Media Duped by Politicians into Focusing on Titillating Immigration Case

Over my dozen plus years as an immigration consultant and government official I have learned not to expect much from the media in terms of covering the issue of immigration. For some reason, immigration is an issue virtually all forms of media in our country have never, in my experience at least, covered well or accurately. One of my goals with this column has been to attempt to shed some light on the topic from an insider’s perspective as well as to comment on the real issues when they arise and describe the difficult choices that governments are required to make.

But it is harder to blame the media for its bad reporting on immigration when they are led to it by senior political leaders who should know better. I am speaking specifically of a case that has recently received national attention in which a U.S. citizen and Canadian permanent resident, Malcolm Watson, was convicted of endangering the welfare of a child and third degree sexual abuse. His conviction and sentence were delivered by a U.S. court since the criminal acts occurred in Buffalo, New York where he worked as a teacher in a private school. His victim was a 15-year-old student at the school who did not want to testify against him at a public trial because, according the prosecutor in the case, “[s]he was in love with him” and “didn’t want to be the means of his public disgrace and downfall.”

As a result of these circumstances, the prosecutor reached a plea bargain that allowed Mr. Watson to serve three years probation while continuing to reside in Southern Ontario, where he has lived – as a legal permanent resident — for years with his wife and three children. Mr. Watson must report to his probation officer in New York State on a regular basis and is therefore required to cross the border to do so (he now works in Ontario as a salesman after having lost his job as a teacher).

It didn’t take long for Canadian politicians at the highest levels to begin expressing their outrage at this arrangement. Ontario’s Premier, Dalton McGuinty, said the U.S. was using Canada as a “dumping ground” for their sex offenders. The federal government, not to be undone, immediately committed to attempting to remove Mr. Watson from Canada and strip him of his permanent resident status. This, despite the fact that his actions may not even be illegal in Canada where the age of consent is 14 (there are exceptions to this rule for people, like teachers, who are in relationships of trust with minors so the feds do at least have an arguable case).

In the meantime, the federal government attempted to detain Mr. Watson while his immigration case was being decided. This didn’t last long after an independent adjudicator rightly found him to be of little threat to society and therefore freed him on bail. After all, if he was a true threat to society it is unlikely the U.S. criminal proceeding would have resulted in his sentence of probation.

Here we have a prime example of opportunistic Canadian politicians seemingly unable to pass up a golden opportunity to put the blame on a supposedly lax American justice system for not locking up someone for having sexual relations with a minor. These same politicians know full well that, had this offense occurred in Canada, the sentence, if he had been convicted at all, would likely be about the same if not even more lenient. (The maximum sentence Mr. Watson faced in the U.S. for the charges against him was one year in prison.) Moreover, it is worth noting that the concept of serving a sentence in one’s country of residence is enshrined in Canadian and American law by a treaty that allows citizens of each country to request to serve their sentences in their country of citizenship despite being tried and sentenced in the other country (this of course does not apply to Mr. Watson because he is only a permanent resident of Canada).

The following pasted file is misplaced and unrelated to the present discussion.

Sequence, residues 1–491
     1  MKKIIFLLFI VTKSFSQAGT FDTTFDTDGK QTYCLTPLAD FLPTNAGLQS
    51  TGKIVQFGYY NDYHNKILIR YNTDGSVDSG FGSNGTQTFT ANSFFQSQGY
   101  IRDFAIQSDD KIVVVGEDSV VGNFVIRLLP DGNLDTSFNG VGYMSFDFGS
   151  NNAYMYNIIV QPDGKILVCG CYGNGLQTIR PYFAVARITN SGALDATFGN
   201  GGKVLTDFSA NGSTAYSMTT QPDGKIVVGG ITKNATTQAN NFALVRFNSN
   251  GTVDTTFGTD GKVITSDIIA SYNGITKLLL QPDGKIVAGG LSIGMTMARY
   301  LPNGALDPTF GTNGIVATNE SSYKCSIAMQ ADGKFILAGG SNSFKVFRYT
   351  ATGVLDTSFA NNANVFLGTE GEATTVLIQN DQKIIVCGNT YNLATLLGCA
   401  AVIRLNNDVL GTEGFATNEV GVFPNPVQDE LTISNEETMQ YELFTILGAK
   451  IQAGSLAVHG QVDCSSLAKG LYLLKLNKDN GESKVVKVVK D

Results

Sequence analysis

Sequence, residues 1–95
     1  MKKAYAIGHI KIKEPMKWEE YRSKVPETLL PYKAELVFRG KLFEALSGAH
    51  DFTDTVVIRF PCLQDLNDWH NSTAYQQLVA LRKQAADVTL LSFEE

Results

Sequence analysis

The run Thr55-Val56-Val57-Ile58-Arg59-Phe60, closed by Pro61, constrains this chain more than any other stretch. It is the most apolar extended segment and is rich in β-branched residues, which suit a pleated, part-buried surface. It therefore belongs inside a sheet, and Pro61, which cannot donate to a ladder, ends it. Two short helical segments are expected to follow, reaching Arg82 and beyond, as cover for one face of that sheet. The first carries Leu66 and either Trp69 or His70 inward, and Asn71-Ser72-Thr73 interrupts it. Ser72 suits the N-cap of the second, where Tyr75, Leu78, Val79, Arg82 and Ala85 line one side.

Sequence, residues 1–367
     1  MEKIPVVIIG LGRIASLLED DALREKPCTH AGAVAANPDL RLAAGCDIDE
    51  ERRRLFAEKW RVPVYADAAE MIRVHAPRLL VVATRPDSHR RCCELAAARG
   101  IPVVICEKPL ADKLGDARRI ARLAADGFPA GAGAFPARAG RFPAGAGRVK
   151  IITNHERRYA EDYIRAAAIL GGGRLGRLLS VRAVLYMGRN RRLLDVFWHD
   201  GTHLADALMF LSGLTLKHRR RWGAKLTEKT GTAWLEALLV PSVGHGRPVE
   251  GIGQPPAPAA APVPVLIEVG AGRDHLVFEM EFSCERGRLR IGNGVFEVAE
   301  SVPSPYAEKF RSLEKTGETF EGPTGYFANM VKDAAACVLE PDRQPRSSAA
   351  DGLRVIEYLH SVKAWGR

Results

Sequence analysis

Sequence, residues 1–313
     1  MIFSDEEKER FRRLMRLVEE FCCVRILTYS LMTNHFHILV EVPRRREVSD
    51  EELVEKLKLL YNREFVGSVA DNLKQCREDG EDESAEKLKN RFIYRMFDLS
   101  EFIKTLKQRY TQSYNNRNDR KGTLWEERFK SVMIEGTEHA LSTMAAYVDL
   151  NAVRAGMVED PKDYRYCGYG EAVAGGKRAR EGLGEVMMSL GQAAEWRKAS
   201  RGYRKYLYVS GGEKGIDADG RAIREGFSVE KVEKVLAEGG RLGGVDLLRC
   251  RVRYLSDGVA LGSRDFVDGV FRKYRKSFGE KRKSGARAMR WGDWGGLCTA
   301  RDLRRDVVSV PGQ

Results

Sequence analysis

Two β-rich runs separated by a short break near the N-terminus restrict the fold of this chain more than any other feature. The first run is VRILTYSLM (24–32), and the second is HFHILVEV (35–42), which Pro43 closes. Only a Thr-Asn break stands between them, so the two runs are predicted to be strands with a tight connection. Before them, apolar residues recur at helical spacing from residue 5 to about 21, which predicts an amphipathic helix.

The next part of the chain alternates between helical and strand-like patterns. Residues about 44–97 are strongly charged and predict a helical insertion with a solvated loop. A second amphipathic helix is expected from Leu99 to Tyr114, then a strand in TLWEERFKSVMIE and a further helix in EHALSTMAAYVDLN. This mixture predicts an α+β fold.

But the real outrage here is that the case continues to command national media coverage and even attracted the attention of senior politicians from Prime Minister Stephen Harper on down – who, if they understood their role, would refrain from commenting on the specifics of this case while it was being adjudicated according to the due process of the tribunal system – while hundreds of serious, dangerous criminals with permanent residence status remain free in Canada. Many of these individuals will commit further crimes before they are ever detained or deported, if indeed they are. The difference between these cases and Mr. Watson’s is that they committed their crimes in Canada. They were freed — on bail or parole or probation — by the Canadian criminal justice system. And the immigration enforcement agency of the federal government is not properly staffed to be able to keep track of them all, let alone round them up and remove them from the country (this situation was most recently revealed by immigration lawyer Richard Kurland last year and, commendably, reported on by many media outlets).

So instead we are entertained with the story of a teacher who couldn’t keep his hands off a student. A story in which the American justice system can be portrayed as defective and lenient by demagogic Canadian politicians. Perhaps it was too much to ask to expect the media to turn its attention to more serious and pressing matters. But we certainly have a right to expect more of our political leaders.